Wednesday, November 12, 2008

I Will Not Obey

Elizabeth Cady Stanton

Born this day in 1815

There are certain natural rights as inalienable to civilization as are the rights of air and motion to the savage in the wilderness. The Prejudice against color, of which we hear so much, is no stronger than that against sex. It is produced by the same cause, and manifested very much in the same way. The Negro's skin and the woman's sex are both prima facie evidence that they were intended to be in subjection to the white Saxon man.
My first and oldest friend in Philly aptly shares a birthday with Elizabeth Cady Stanton, who was said to be the most famous freethinking woman of her day. Long a proponent of women's rights and suffrage, she insisted that the word "obey" be removed from the ceremony when she wed. Of Stanton, it was also said:
She studied law under her father, who later became a New York Supreme Court judge. During this period she became a strong advocate of women's rights.

In 1840 Elizabeth married the lawyer, Henry Bewster Stanton. The couple both became active members of the American Anti-Slavery Society. Later that year, Stanton and Lucretia Mott, travelled to London as delegates to the World Anti-Slavery Convention. Both women were furious when they, like the British women at the convention, were refused permission to speak at the meeting. Stanton later recalled: "We resolved to hold a convention as soon as we returned home, and form a society to advocate the rights of women."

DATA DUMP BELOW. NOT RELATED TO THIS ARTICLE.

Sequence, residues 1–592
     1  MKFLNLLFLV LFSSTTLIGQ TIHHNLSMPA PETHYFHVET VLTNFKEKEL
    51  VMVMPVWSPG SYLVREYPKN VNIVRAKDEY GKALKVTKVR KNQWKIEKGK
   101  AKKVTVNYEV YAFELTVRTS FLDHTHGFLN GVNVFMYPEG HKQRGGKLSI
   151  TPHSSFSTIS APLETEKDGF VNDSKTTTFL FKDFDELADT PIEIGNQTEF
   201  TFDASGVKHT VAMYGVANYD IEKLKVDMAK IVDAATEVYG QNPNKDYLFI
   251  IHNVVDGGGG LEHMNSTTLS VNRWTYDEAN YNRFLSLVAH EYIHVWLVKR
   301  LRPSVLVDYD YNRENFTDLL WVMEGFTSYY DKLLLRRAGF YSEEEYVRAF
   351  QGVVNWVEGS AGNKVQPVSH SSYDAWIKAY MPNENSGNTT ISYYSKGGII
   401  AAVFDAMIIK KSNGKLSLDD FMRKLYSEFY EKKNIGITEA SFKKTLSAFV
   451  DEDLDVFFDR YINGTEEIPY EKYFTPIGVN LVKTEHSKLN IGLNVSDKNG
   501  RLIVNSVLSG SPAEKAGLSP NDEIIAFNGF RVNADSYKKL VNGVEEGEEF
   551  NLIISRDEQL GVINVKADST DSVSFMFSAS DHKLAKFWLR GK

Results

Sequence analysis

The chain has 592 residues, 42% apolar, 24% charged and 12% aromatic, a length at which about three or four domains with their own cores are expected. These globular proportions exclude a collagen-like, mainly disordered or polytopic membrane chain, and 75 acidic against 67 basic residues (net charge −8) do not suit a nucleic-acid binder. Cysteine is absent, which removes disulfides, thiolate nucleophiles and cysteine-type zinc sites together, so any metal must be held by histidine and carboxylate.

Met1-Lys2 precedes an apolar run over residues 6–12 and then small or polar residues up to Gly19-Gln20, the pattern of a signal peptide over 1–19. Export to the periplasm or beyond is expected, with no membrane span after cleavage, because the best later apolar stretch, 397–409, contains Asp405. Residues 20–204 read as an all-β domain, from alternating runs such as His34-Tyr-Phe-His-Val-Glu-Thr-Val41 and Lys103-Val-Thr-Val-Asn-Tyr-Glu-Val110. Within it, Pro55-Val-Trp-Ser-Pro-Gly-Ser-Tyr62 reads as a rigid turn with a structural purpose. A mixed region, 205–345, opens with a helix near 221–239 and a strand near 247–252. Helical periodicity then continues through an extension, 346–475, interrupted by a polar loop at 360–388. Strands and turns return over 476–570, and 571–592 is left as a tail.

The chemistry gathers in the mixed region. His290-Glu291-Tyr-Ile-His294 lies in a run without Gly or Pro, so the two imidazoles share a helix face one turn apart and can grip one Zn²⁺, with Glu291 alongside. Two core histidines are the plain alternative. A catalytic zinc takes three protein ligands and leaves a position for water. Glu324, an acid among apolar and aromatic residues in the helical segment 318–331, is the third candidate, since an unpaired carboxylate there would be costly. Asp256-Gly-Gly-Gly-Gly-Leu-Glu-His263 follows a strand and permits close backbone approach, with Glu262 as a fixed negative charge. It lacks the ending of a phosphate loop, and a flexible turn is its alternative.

However, it was not until 1848 that Stanton and Lucretia Mott organised the Women's Rights Convention at Seneca Falls. Stanton's resolution that it was "the duty of the women of this country to secure to themselves the sacred right to the elective franchise" was passed, and this became the focus of the group's campaign over the next few years.

In 1866 Stanton, Lucretia Mott, Susan B. Anthony and Lucy Stone established the American Equal Rights Association.
It is also noteworthy that the words in the Nineteenth Amendment to the Constitution, in finally granting woman suffrage, were written by Ms. Stanton. Sad to say, the Amendment was passed 18 years after her death in 1902. My friend, a lawyer who shares a birthday with Stanton, is surely the modern day version of the woman who tirelessly supported women's rights in so many ways.

For more on this fascinating woman, see Not For Ourselves Alone: The Story of Elizabeth Cady Stanton and Susan B. Anthony

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